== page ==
EWL News

Purple Economy - The case for placing the economics of care at the heart of sustainable development

[Brussels, 25 January 2018] This paper argues for a Purple economy focusing on care at the heart of sustainable development. Written on behalf of EWL, by Anna Sofia Fernandes from the EWL Portuguese coordination, the paper sets forth a vision for an economic model that places care as its backbone. Investing in care is part of a forward looking, long term sustainable development model.

In the current financialised capitalism, under which many women entered the labour market, reproductive activities such as child care, care of the elderly, and house cleaning are organised to a large extent via paid labour and are continuously commodified. These changes are primarily a response to needs generated by women’s increased participation in the labour market and not as a response to feminist claims.

Yet these developments did not change the gender division of labour: women make up the majority of the workforce devoted to care work, which tends to be, in turn, less well remunerated. Women face a double burden since they are engaged in paid work and additionally do most of the unpaid housework. In addition, the integration of many women into the labour market relies on a class and ethnic/racial divide among women: caring activities, such as house cleaning or child and elderly care, are often carried out by women migrant workers, many from Eastern Europe or the Global South, many of whom had to leave their families behind to provide care for others. Gender inequalities and poverty are the main driving factors. This situation is framed as a personal/familial issue, and not, as it should, as a social/political one. Alongside addressing gender and intersectional inequalities, together with ITC and ‘green’ jobs the care sector represents the highest quality job creation potential which cannot be ignored.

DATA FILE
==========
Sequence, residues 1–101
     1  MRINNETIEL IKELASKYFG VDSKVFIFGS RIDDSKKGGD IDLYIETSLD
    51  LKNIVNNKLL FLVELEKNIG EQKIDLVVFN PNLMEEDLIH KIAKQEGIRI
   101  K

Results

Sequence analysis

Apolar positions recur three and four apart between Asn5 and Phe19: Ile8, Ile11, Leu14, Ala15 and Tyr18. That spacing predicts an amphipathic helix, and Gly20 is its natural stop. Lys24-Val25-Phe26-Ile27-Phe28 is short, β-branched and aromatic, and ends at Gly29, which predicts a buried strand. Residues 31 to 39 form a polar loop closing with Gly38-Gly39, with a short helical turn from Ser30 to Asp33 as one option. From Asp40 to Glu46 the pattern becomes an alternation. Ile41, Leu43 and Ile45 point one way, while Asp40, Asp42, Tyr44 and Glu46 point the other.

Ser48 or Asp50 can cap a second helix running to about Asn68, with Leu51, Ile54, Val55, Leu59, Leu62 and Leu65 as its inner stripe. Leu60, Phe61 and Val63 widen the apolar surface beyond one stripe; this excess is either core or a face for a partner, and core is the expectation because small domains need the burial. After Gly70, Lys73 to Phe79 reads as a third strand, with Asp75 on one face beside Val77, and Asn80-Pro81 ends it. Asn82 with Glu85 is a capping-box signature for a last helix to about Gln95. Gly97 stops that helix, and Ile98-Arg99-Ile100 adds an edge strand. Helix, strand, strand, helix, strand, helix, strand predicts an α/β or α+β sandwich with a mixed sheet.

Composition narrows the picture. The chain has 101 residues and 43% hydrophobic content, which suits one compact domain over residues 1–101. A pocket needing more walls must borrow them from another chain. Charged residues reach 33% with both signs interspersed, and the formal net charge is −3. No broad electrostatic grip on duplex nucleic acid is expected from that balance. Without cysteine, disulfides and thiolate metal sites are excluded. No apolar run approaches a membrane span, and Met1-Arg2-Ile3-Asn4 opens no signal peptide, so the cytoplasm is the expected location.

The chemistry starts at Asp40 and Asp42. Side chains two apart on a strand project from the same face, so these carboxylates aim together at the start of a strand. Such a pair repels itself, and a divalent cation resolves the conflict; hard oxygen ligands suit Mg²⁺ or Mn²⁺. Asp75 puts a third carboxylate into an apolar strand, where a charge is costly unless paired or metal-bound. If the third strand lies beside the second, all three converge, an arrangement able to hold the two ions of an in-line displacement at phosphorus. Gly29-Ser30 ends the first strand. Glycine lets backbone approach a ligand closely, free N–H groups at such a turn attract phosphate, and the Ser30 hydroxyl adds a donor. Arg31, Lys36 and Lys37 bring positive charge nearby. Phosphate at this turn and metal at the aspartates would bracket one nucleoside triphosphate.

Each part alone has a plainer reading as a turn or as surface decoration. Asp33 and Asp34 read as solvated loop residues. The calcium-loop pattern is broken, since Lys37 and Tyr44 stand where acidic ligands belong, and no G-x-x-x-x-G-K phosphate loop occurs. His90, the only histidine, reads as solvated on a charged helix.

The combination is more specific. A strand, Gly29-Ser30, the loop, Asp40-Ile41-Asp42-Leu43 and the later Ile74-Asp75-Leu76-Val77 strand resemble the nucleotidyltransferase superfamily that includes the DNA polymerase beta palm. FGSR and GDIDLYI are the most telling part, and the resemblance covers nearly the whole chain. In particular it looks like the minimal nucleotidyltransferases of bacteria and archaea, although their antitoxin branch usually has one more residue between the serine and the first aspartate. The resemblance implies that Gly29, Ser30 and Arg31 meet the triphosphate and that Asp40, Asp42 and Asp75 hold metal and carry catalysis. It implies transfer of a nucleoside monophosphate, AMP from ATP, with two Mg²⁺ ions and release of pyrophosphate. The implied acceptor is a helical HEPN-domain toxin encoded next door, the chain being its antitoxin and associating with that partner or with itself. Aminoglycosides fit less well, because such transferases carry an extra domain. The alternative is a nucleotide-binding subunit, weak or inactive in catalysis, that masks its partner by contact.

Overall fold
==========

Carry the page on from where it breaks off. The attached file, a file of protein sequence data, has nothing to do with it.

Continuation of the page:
The paper proposes a set of recommendations and stresses that macro-economic policies must be gendered.

A summary of the paper is also available in Portuguese.

Want to know more about feminist economics? Visit the website of the Women’s Budget Group and check out their very comprehensive resource pack!

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